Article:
So you can't rely on the government to be charitable for you. This does not mean that welfare programs should not exist, but it does mean that they don't replace man's inherent need for charity. You cannot defer your responsibility to both give and receive charity to the government.

Nor can you give out of charity if justice is not met:
Charity goes beyond justice, because to love is to give, to offer what is “mine” to the other; but it never lacks justice, which prompts us to give the other what is “his”, what is due to him by reason of his being or his acting. I cannot “give” what is mine to the other, without first giving him what pertains to him in justice.

If we love others with charity, then first of all we are just towards them. Not only is justice not extraneous to charity, not only is it not an alternative or parallel path to charity: justice is inseparable from charity, and intrinsic to it. Justice is the primary way of charity or, in Paul VI's words, “the minimum measure” of it, an integral part of the love “in deed and in truth” (1 Jn 3:18), to which Saint John exhorts us.

On the one hand, charity demands justice: recognition and respect for the legitimate rights of individuals and peoples. It strives to build the earthly city according to law and justice. On the other hand, charity transcends justice and completes it in the logic of giving and forgiving. The earthly city is promoted not merely by relationships of rights and duties, but to an even greater and more fundamental extent by relationships of gratuitousness, mercy and communion. Charity always manifests God's love in human relationships as well, it gives theological and salvific value to all commitment for justice in the world. -- Caritas in Veritate pp. 6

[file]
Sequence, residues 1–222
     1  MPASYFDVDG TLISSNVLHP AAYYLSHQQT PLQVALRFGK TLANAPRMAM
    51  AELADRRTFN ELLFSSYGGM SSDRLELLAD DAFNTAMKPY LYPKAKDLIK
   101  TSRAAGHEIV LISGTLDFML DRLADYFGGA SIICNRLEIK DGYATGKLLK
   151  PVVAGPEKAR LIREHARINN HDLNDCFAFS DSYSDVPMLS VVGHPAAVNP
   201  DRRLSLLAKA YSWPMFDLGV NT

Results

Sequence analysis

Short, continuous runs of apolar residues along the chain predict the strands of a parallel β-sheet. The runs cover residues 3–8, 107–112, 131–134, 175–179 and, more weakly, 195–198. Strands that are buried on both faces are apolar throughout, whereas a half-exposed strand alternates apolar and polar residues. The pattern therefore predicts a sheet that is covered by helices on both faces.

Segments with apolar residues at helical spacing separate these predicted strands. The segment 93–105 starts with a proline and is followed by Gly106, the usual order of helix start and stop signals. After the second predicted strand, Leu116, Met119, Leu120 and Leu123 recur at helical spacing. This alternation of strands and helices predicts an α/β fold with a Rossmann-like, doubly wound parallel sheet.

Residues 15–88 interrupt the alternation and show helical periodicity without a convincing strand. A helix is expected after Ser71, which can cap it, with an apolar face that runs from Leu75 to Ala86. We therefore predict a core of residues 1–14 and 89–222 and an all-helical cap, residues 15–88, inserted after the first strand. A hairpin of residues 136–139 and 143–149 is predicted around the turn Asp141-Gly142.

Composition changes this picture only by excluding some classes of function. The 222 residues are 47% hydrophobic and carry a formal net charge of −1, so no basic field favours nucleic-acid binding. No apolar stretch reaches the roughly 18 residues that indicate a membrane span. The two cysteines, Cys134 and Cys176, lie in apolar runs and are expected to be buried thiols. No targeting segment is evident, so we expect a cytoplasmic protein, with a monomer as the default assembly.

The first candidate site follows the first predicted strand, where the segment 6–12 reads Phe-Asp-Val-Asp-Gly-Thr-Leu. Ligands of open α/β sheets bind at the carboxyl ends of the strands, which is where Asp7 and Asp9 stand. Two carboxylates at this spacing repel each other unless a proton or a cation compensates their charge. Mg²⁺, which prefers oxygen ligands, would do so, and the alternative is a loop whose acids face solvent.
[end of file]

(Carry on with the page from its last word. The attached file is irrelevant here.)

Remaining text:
In summary, the government cannot replace charity and therefore cannot solve all of society's problems which are rooted in an absence of charity and justice nor can we give out of charity if justice is not first met. To rely on the government to solve all our problems for us or to say that 'government is taxing me and giving it to the poor so I don't need to give' is to misunderstand true charity and a person's need for love.

Wednesday, August 17, 2011

Krugman on MMT

Krugman first bashes MMT, then somehow makes an MMT argument presumedly without realizing it...

Franc thoughts on long-run fiscal issues
Anti-'MMT-types' migrate to stage II
MMT, Again
Printing Press Mystery


His acknowledgement: